National Pension Scheme Calculator
As the name suggests, this calculator allows an individual to calculate the amount of pension they are likely to receive. All calculators available only provide a close estimate of the pension to be received because in reality there is no exact way to predict the growth since the pension is not paid directly and investments are always subject to market risks and outside factors that can either increase or decrease the growth rate.
Overview about NPS Calculator:
Before we begin describing the features of a NPS calculator, let us take a brief look at the scheme and its standout features. The National Pension Scheme is the Indian version of the all popular American Retirement Scheme,the 401(K). This pension scheme is setup in such a way as to allow flexibility at the same time minimising the liabilities faced by the government. The schemes depending on the structure allow for partial withdrawals and offer the members flexibility in choosing where to invest the pension funds. The NPS is open to all individuals from the age of 18 upwards and reaches maturity when the member attains the age of 60 which is considered as retirement age. The scheme has two account structures, a tier I account which does not allow partial or premature withdrawal till maturity and tier II which is a prospective payment system that allows for premature and partial withdrawals in cases of an exceptional nature and are almost always connected to healthcare.
The scheme though setup in 2004 only began excepting all citizens and not just central government employees only in 2009. This is otherwise known as the new pension scheme and also follows the same abbreviation. Here there are three account types. Tier I follows the same principle of no withdrawals whereas tier II account is an optional account and can only be accessed if a tier I account is opened and money in such accounts can be accessed freely. It also has a third type of account known as the Swavalamban account which is an account for the benefit of people residing on or below the poverty line. These accounts witness the government making a contribution of Rs 1000 p.a. for the first 4 years
The new pension scheme also takes into account the dearness allowance as a component of the contribution an employee has to make which was not part of the old national pension scheme. The contributions made by the employee will be matched by the bank and both funds will be held in the same account and the funds of the new national scheme are managed by 6 fund managers that have been approved by the PFRDA which is also the authorised regulatory body of the new pension scheme.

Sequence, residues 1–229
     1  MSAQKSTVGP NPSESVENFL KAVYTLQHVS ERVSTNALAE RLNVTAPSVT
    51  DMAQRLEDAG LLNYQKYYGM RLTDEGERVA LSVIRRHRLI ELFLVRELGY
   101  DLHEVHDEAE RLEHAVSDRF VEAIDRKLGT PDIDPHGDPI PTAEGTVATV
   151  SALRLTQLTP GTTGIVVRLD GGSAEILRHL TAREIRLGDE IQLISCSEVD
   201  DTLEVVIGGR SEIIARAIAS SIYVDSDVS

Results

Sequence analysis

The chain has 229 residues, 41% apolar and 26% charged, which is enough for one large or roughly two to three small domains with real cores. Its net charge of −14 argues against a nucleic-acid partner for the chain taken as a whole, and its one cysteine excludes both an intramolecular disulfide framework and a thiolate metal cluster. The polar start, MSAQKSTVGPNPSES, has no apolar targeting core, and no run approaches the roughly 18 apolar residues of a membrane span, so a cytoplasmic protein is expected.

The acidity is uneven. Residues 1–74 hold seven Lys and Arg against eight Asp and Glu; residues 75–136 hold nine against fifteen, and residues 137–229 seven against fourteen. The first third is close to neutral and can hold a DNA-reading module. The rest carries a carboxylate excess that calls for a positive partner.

The way the NPS works, is that the subscriber be it a private employee or a public servant needs to make monthly contributions from the time of subscription till the subscriber attains the age of 60. Based on how much the age of the subscriber was at the time of subscription and the monthly contributions made, the NPS calculator makes close estimates of how much pension that subscriber can stand to receive. Since the contributions made towards this scheme is invested in equity, corporate debt and government securities it is quite difficult to exactly estimate the rate of interest earned by the scheme. For the year 2012-13, the scheme had interest rates varying from 12% to 14%
Subscribers of the national pension scheme are however at an advantage as they alone can decide the amount of contributions they need to make towards the scheme. The subscribers can choose the amount based on the financial commitments they have at present or based on the corpus they look forward to during retirement. The sole responsibility of coming up with an amount for contribution rests with the subscriber. Generally, the more money invested, the larger will be the corpus. Subscribers however tend to make contributions that are at least 10% of the basic income and dearness allowance. This is to avail tax benefits.
Calculators are found widely across the internet and certain banks even offer calculators of their own. These calculators offer close estimates and are very easy to use. For example if a subscriber aged 35 goes in for the NPS, the scheme reaches maturity when the subscriber attains the age of 60 so that leaves him/her with 25 years of contributing time. Let us assume the contribution made is Rs 2000 per month and the expected interest or rate of return is taken as an average of 8% then the calculator will show vital stats such as the total invested principle which in the following case will be Rs 6,00,000 and the interest earned on this which is compounded monthly and comes up to Rs 12,98,372. The total pension wealth generated in this case is Rs 18, 98,372 with a total tax saving of Rs 1, 80,000. If the subscriber makes a withdrawal of a lump sum of 20% and invests the remaining 80% of the pension wealth into the annuity plan with the expected interest rate of 8%, the subscriber stands to earn monthly pension of Rs 10,124 and the lump sum withdrawn is Rs 3,79, 674
Other reasons affecting the accuracy of such NPS calculators are the fact that tax laws may change and have an effect on the return on investments and the calculator also does not take into account the miscellaneous charges of the scheme.
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